Feb. 19 2015 04:12 PM

She read the directions

a_142438755654e66de484497
DEBORAH TURNER

With $200 in her pocket, a 1970 station wagon which she used as a truck, and a small, ragtag crew, Deborah Turner started Ram-T Corporation, a landscape company specializing in erosion control and hardscapes. That was in 1984. Now more than 30 years later, not only has she thrived as a woman in a heavily male-dominated industry, but she has also transformed her start-up company into a multimillion dollar corporation.

Born in Delaware County, Pennsylvania, to a family of seven, Turner lived an average American life. Her father drove a truck and her mother stayed at home with the children. They moved to Chester County, the next county over, when she was 10 years old, and there they’ve been ever since.

In high school, Turner was an average student—by her own admission—more interested in foreign languages and art than erosion control or landscapes. She graduated college with a degree in education for French and Spanish. After graduation, Turner taught both languages for six years before stopping to start a family of her own.

She has two children, a son and a daughter, who are now in their 30s. Both of her children have followed in her footsteps and are involved in the industry.

Turner’s son, Wesley, works with Asplundh Tree Expert Company in Willow Grove, Pennsylvania. Her daughter, Ashley, has been learning all the many pieces of running the family business and is set to assume her mother’s role at some point in the future.

As the owner and CEO of Ram-T Corporation, Turner has accomplished what many would call the “American Dream.” She saw an opportunity in her grasp, reached out, and reeled in a multi-million dollar outcome. With hard work and complete dedication, Turner helped turn her small start-up company into a $20 million corporation by the early 2000s. Like many American businesses, she suffered a few setbacks during the 2008 economic downturn, and has since scaled back, now closer to a volume of seven-and-a-half million.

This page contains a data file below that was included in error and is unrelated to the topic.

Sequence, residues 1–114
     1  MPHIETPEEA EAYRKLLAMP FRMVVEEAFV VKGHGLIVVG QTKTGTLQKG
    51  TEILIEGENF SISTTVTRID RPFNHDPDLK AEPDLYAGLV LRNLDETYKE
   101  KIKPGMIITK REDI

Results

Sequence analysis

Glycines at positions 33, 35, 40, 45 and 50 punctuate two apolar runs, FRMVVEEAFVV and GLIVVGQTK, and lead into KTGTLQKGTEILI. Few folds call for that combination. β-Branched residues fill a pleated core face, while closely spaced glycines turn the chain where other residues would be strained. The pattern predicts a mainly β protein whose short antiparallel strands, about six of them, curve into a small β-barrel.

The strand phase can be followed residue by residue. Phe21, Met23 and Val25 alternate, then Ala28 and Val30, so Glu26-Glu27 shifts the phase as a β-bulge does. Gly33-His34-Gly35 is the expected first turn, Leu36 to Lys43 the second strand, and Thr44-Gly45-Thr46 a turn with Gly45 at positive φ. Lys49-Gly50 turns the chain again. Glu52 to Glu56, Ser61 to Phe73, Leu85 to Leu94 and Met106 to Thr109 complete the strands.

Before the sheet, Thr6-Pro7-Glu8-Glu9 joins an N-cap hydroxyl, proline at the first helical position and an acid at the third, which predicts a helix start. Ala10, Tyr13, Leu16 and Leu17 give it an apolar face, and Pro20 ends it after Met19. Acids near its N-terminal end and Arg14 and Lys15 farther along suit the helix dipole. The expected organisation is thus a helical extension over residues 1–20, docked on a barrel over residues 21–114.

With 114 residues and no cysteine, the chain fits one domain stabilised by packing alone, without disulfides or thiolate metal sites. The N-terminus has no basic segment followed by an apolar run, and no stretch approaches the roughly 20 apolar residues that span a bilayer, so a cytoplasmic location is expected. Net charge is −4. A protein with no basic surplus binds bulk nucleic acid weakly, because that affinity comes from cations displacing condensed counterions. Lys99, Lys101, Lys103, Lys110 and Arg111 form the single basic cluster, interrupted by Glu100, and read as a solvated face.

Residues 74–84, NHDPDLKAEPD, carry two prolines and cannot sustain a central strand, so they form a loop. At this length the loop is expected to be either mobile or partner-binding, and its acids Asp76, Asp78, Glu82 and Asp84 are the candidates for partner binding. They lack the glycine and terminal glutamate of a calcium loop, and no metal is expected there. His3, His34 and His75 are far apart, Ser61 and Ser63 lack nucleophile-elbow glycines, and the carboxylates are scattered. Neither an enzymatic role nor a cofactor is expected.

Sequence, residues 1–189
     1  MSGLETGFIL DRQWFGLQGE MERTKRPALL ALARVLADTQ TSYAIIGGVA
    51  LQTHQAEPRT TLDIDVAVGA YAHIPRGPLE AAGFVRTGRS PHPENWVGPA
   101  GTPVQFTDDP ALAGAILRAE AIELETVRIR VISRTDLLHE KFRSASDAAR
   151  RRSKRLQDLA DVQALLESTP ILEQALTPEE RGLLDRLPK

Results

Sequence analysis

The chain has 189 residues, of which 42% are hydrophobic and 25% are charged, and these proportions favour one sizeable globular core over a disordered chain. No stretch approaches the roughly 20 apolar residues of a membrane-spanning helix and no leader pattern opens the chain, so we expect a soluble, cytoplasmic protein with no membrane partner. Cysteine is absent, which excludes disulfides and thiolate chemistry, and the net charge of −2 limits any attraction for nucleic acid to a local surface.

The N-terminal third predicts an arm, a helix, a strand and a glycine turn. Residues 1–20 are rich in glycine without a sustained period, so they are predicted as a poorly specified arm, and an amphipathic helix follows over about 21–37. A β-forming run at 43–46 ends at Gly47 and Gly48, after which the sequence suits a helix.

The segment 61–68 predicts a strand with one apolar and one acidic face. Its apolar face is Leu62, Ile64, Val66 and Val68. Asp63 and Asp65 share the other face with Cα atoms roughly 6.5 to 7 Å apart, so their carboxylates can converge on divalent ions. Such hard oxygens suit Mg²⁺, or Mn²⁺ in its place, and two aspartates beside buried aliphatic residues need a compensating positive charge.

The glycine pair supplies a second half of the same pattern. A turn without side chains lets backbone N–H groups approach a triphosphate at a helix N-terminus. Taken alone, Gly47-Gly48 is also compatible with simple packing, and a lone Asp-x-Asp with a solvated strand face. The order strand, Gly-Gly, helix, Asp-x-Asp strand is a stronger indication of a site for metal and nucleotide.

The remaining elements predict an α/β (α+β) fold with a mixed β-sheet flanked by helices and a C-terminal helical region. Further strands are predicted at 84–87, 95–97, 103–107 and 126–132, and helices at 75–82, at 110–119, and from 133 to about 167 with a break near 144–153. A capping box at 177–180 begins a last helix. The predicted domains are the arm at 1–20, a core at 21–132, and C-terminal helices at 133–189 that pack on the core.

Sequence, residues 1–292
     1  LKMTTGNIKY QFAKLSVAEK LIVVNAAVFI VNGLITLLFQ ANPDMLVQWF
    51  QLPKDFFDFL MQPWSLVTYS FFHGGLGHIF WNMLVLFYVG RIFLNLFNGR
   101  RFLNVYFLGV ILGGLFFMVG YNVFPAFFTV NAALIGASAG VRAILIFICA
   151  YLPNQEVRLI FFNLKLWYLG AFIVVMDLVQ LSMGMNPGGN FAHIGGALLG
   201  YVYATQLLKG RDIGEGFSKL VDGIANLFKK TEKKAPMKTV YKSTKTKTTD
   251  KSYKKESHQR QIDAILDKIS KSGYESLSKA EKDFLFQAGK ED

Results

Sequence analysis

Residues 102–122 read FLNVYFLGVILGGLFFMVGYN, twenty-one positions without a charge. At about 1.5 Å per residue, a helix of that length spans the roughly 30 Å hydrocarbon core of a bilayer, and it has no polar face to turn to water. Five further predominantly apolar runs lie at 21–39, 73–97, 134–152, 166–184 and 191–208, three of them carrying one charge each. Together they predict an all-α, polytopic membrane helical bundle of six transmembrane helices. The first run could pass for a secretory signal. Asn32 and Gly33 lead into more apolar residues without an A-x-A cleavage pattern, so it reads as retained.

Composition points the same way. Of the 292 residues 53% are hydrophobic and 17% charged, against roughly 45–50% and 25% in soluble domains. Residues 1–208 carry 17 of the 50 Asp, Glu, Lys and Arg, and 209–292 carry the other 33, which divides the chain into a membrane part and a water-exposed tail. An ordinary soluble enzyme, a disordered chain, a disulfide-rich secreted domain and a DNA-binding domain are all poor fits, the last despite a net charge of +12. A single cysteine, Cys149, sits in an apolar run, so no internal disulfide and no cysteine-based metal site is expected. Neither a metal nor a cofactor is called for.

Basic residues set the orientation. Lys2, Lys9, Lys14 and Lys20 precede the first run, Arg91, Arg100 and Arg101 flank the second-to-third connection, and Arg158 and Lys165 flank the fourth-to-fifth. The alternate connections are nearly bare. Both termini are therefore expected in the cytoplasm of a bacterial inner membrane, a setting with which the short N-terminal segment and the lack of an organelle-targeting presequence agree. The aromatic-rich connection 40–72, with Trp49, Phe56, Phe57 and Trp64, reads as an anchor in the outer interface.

“I would like to grow the company back to where it was, but I’d like to do it a little differently now,” she commented. “I’d like to keep it not as labor-intensive as it used to be.”

Her accomplishments are an inspiration, not only to other women in the industry, but to any person who ever had an idea and longed to make it a reality. But we’re getting ahead of ourselves...Turner’s story really begins as that of a stay-at-home mom looking for a few extra bucks. “At the time, I was only looking for a little extra money to join the local swimming pool for my kids,” she said. She even thought about returning to teaching part-time, as a substitute.

Her then-husband was working for a DuPont geotextile distributor. One day, he brought home a brochure for a product his company was having a difficult time selling. The product was called “silt fence,” a new development in erosion control. At the time, most contractors were still using straw bales.

“He said, ‘All the contractors come in and complain that this stuff doesn’t work,’” Turner recalls. “So I said, ‘I’ll bet it’s not working because these guys aren’t reading the directions.’” One of the contractors’ complaints was that water would run under the fences, displacing them. After reading through the pamphlet, Turner understood that if they simply trenched in and backfilled the flaps—as the directions stated they should do—the fencing would perform its function. “It’s one of those funny ‘men-vs.-women’ stories about how we’ll ask for directions, but guys won’t,” she laughed.